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Did Your Newborn Suffer Cerebral
Palsy or Another Brain Injury Before
or During Labor and Delivery?

Learn More

Our Birth Brain Injury Resource Guide

the guide

Get a FREE guide of resources available throughout Ohio to children and families of children who were born with brain injuries.

Our guide can help you build a foundation of knowledge and tools that will help you help your child
now and in the future.

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What is Emotional Flooding?

A stress response that doesn’t return a state of balance tends to become an unresolved emotional trauma. This is the extreme side of the stress disorder spectrum. At its core, it is stress gone awry. Emotional trauma can be the result of common occurrences or even a disabling condition, like a birth brain injury.

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Birth Brain Injury and Neurocognitive Issues

Neurocognitive issues that arise after a birth brain injury can affect the child’s cognitive function, behavior, and emotions. In fact, post-traumatic reactions may occur independent of the brain injury and can affect the child’s behavior and mood. But, they are not mutually exclusive.

After a brain trauma, children may experience both psychological and neurocognitive symptoms as they grow up. When the brain is healing, it requires rest. Being stimulated past the point of fatigue can lead to emotional flooding. For some babies, this can present as crying spells. Ensuring the child rests and takes time out will help to either prevent or at least lessen the intensity of these episodes. As they grow up, a neuropsychologist can help your little one develop coping mechanisms.

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Helping Your Child Deal with Emotional Flooding

1. Teachable Moments

It’s important to remember that no matter how frustrating or nonsensical your child’s feelings may seem to you, they are important to your little one. When he or she gets distressed, they’re often unable to tap into their logical left brain and therefore display their emotions through non-verbal ways and gestures. They cry, throw things, and they yell. When they are upset, logic may not work until you have responded to his or her emotional needs.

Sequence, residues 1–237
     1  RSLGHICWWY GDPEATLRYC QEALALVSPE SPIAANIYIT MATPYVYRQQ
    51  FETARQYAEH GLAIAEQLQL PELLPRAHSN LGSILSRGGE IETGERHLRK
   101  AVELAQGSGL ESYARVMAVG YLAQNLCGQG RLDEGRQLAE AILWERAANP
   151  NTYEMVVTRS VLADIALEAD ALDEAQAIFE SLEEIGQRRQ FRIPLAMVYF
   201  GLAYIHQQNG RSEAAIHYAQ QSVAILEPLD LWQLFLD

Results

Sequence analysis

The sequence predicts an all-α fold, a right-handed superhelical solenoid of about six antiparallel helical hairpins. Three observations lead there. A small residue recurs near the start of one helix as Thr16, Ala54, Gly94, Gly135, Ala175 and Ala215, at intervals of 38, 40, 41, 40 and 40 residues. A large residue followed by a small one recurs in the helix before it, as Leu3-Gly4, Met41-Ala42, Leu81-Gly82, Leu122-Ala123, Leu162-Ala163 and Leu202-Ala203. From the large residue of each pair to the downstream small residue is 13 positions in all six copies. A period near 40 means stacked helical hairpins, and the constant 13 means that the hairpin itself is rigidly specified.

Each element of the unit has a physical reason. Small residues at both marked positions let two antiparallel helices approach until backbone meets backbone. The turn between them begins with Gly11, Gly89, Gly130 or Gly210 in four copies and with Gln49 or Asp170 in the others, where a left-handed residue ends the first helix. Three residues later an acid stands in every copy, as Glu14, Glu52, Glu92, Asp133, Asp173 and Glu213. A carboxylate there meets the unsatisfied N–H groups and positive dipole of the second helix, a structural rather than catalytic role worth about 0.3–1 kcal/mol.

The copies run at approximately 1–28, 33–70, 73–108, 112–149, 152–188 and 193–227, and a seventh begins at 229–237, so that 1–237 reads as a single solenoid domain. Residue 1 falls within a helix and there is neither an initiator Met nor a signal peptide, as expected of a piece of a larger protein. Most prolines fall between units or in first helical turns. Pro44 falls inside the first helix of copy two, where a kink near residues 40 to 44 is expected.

The trick is to avoid reacting to unspoken communication by connecting to the child where he or she is. This means validating those floods of emotions and re-directing their attention. Teach them to tap into their left brain and make sense of their emotions and experience.

2. Pinpoint Things

When they experience disappointing or painful moments, this can be incredibly overwhelming. As a parent, you can help your child understand what is happening in that moment by helping him or her retell the story of that experience. This allows your child to explore his or her feelings as they process their story via their own words. You can help explain the bits they struggle to put into words.

This approach allows you to take time when things calm down to help them explore irrational emotions and bodily sensations and help them learn to overcome tough situations and moments. By helping your child explore a story often, and repeatedly, you will allow them to make sense of the experience and therefore learn how to stop that overwhelming flood of emotions.


Be sure to really listen when he or she is experiencing emotional flooding. Encourage them to speak without interrupting, and bring loving feelings and communication to create a connection and help your child with brain trauma deal with an often over-stimulating and emotional world.